Task Force unveils alternatives for reconfiguring Longfellow Bridge

October 15, 2010
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The Longfellow Bridge Task Force unveiled several alternatives for reconfiguring the structure to better accommodate all pedestrians, bicyclists and motorists Wednesday at a public meeting at the Shriners Hospital auditorium.

At that time, members of the Task Force, which was convened by the Massachusetts Department of Transportation (MassDOT) in June, outlined three alternatives for the inbound approach towards Boston, including two variations on the first that features two travel lanes, a 5-foot bike lane plus a “crash barrier” and a 10-foot sidewalk; and second with a single traffic lane, a 12-foot bike lane and a 15-foot sidewalk.

The third inbound option – the so-called “hourglass” alternative – proposes a single traffic lane onto the bridge at Cambridge that widens to two lanes at the midpoint and three lanes at the entrance to Charles Circle. The sidewalk length varies from 10 to 15 feet (with 8 to 10 feet of clear width) while the bike lane ranges from 5 to 6 feet plus a crash barrier.

Outbound alternatives include one with a single traffic lane, a 6-foot bike lane plus a barrier and a 15-foot sidewalk; another with a single traffic lane, a 14-foot bidirectional bike lane and 13-foot wide bike lane; and lastly, two traffic lanes, a 5-foot bike lane plus barrier and a 10-foot-wide sidewalk.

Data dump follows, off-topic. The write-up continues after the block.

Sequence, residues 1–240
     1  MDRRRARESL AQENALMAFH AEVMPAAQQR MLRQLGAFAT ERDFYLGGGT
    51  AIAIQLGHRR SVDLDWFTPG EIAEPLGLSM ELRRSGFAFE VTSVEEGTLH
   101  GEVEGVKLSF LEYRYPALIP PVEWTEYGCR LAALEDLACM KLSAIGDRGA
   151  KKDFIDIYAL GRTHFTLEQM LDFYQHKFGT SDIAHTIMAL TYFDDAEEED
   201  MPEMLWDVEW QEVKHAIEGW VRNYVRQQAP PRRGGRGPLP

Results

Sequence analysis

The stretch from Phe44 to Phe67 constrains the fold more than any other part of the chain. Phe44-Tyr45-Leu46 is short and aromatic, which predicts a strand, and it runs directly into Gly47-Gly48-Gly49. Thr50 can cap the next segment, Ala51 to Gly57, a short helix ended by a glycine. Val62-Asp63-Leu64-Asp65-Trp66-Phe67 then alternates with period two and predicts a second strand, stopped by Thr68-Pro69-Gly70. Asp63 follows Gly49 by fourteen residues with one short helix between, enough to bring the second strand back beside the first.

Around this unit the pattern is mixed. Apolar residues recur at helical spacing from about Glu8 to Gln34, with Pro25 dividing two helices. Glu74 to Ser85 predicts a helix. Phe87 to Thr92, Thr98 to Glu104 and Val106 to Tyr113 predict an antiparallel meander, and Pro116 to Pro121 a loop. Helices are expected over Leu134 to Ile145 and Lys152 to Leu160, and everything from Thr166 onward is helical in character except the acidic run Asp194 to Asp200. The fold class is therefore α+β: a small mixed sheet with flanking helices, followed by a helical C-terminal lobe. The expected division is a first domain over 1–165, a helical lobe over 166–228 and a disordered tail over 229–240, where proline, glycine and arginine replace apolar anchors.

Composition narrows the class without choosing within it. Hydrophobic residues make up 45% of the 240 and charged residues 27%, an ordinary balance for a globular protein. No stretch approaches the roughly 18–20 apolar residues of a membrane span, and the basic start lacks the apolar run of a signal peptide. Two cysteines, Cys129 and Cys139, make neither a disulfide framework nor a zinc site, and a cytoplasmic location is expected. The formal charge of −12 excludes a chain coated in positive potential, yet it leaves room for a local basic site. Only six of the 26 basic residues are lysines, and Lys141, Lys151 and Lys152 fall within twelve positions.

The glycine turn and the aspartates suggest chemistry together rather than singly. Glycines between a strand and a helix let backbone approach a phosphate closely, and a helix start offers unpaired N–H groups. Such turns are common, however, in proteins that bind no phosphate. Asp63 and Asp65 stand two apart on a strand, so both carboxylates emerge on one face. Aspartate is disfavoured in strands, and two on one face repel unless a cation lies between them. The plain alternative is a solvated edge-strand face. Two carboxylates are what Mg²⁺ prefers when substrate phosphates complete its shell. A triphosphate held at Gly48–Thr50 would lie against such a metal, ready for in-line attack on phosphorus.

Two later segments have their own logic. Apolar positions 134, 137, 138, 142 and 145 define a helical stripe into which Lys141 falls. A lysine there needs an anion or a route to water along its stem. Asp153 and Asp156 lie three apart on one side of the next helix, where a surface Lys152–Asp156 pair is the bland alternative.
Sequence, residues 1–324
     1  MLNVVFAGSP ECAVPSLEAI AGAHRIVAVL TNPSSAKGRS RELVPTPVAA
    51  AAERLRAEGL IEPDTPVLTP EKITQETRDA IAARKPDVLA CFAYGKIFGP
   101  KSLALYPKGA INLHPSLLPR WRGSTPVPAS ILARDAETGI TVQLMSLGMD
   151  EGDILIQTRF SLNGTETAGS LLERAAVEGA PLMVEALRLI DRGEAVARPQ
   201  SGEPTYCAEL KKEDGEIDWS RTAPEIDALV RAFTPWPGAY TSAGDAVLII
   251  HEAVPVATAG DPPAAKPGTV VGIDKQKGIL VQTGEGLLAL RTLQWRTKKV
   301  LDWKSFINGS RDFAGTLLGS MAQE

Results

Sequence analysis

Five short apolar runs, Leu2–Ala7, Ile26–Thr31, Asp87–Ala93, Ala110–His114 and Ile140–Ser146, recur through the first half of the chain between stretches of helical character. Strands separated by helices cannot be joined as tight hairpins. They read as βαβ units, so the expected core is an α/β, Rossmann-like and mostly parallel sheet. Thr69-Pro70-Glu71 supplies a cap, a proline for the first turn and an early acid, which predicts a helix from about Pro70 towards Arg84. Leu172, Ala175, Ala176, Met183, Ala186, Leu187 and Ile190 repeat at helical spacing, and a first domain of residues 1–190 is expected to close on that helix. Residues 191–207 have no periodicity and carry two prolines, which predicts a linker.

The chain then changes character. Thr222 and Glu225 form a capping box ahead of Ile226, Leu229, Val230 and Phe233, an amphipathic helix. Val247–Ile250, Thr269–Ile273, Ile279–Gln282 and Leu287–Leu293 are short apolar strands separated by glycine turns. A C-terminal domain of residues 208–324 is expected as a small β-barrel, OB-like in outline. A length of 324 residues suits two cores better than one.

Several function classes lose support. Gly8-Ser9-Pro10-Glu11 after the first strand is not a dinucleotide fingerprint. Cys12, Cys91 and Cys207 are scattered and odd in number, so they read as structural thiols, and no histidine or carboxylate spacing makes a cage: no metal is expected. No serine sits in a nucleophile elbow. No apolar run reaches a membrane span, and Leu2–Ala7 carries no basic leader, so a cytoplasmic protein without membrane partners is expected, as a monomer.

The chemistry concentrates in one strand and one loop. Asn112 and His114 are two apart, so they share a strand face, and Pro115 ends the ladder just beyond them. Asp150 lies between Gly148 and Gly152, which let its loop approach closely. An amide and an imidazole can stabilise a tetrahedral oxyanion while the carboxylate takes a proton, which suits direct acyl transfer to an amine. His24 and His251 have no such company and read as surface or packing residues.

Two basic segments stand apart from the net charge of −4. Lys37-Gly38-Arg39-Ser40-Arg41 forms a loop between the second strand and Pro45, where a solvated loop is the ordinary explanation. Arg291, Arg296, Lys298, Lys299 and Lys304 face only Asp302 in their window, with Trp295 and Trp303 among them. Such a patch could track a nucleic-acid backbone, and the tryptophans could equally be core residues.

In all of the inbound and outbound alternatives, the MBTA Red Line Reservation retained its current width of 27 feet.

Task Force members also outlined opportunities for improving bicycle and pedestrian connections from the bridge to parklands on both the Boston and Cambridge sides, as well as a proposal to build a new pedestrian bridge that would link Charles Circle to the Charles River Esplanade.

Many citizens in attendance at the meeting advocated for alternatives that favored pedestrian and bicycle uses.

“I think we really have to look to the future,” Beacon Hill resident Linda Cox said. “Less people are driving today for a number of reasons, and more people are walking and biking.”

In contrast, Beacon Hill resident Marvin Miller, who identified himself as a professional engineer, said that the final design shouldn’t discourage drivers from using the bridge.

“The vehicle isn’t the bad guy here,” Miller said. “We have to accommodate everyone.”

Meanwhile, Esplanade Association board member John Shields said, “We want to go on the record as saying we want one of the arches under the bridge dedicated as parkland.”

The Task Force is scheduled to meet again this week before making its final recommendations to MassDOT on the bridge design.

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